Oil headed for a third weekly gain in New York after fighting in Gaza renewed concern about the threat to Middle East supplies and U.S. crude stockpiles unexpectedly dropped.
West Texas Intermediate futures were little changed compared with the close on Nov. 21, taking the week’s gain to 0.4 percent. There was no settlement yesterday because floor trading was closed for the Thanksgiving holiday. A cease-fire crafted by Egypt and the U.S. halted eight days of aerial assaults that ravaged the Gaza Strip and made Tel Aviv a missile target. Oil inventories shrank 1.47 million barrels last week, according to the Energy Department. The median estimate in Bloomberg survey of analysts was a gain of 1 million.
Crude for January delivery traded at $87.10 a barrel, down 28 cents, or 0.3 percent, in electronic trading on the New York Mercantile Exchange at 7:32 a.m. in Singapore. The contract climbed 63 cents Nov. 21 to $87.38. Prices are down 12 percent this year.
Brent for January settlement slid 31 cents to settle at $110.55 a barrel on the London-based ICE Futures Europe exchange yesterday. The European benchmark crude closed at a premium of $23.17 to New York-traded WTI.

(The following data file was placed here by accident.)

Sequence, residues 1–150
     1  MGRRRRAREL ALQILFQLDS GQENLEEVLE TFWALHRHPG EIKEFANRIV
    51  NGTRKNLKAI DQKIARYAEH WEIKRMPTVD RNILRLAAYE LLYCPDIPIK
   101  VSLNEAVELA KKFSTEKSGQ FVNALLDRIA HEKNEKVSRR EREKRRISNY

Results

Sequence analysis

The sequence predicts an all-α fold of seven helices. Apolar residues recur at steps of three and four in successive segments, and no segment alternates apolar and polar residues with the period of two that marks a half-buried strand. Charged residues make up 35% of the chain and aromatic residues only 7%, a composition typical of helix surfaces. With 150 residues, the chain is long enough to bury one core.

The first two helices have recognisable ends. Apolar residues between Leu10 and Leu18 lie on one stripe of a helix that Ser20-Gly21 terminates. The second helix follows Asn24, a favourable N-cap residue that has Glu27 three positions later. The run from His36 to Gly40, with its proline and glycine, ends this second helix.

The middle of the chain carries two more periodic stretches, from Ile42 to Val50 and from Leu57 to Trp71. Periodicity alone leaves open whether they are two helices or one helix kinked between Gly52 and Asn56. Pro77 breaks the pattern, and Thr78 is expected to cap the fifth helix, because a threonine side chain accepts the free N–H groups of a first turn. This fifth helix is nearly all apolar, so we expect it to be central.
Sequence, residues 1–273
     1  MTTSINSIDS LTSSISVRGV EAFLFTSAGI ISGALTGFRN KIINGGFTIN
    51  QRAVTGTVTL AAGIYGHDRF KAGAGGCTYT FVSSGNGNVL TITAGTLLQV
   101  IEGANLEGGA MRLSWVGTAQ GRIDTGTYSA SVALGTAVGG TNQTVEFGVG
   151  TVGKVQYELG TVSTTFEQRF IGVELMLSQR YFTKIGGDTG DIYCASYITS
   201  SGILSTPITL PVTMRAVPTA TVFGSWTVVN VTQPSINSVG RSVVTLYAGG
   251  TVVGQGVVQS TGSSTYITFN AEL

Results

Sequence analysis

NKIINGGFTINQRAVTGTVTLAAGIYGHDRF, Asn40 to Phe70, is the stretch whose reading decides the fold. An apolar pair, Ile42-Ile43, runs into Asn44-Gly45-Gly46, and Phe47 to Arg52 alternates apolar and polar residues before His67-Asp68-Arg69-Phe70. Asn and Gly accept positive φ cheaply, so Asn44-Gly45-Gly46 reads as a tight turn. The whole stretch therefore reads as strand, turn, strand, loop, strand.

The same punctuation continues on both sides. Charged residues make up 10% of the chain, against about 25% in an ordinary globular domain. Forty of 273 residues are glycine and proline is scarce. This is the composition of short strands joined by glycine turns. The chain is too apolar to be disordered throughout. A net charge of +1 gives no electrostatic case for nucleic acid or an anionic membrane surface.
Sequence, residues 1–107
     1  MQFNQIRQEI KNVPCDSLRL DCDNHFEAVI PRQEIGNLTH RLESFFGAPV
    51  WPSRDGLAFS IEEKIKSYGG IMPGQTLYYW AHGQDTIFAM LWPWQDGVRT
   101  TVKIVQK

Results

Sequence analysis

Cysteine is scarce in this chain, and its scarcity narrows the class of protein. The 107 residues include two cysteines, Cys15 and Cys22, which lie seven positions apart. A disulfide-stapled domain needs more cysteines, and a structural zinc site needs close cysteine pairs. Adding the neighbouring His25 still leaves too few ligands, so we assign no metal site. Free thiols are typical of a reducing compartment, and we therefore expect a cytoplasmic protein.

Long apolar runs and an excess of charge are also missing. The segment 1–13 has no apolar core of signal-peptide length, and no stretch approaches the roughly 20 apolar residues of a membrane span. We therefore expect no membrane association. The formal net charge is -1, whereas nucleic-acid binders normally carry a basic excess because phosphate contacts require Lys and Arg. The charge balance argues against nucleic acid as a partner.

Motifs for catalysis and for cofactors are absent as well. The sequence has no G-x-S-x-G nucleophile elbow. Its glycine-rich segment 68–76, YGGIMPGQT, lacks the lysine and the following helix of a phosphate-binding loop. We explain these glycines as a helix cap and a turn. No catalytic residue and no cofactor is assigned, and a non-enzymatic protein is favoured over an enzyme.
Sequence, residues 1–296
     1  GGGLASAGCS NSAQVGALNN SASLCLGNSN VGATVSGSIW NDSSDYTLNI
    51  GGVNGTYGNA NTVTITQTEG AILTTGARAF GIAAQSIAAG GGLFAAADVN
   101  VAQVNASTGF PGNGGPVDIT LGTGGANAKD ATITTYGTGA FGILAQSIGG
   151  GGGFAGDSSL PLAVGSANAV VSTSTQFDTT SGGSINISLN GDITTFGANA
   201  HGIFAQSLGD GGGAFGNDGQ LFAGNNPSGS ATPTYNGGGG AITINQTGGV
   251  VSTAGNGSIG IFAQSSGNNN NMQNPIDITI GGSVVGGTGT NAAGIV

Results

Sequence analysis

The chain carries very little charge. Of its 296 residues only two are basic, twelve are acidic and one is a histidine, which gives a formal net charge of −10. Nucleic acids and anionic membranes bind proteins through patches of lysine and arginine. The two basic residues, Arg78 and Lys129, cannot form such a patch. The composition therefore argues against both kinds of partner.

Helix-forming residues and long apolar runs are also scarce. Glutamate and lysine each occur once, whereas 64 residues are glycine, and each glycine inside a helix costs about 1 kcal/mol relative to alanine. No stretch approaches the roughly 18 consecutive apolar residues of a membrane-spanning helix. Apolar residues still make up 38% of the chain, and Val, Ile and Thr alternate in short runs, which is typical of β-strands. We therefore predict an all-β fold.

Hamas and Israel are seeking to solidify the cease-fire which took effect at 9 p.m. local time Nov. 21 and was announced by Egyptian Foreign Minister Mohamed Amr and U.S. Secretary of State Hillary Clinton.
The conflict in Gaza threatens further instability in the Middle East and North Africa after a wave of uprisings that started last year, including one that almost entirely halted crude exports from Libya. Israeli leaders have said that all options, including a military strike, are justified to counter Iran’s nuclear program, which they describe as an existential threat. Iran is the fifth-largest oil producer in the Organization of Petroleum Exporting Countries, data compiled by Bloomberg show.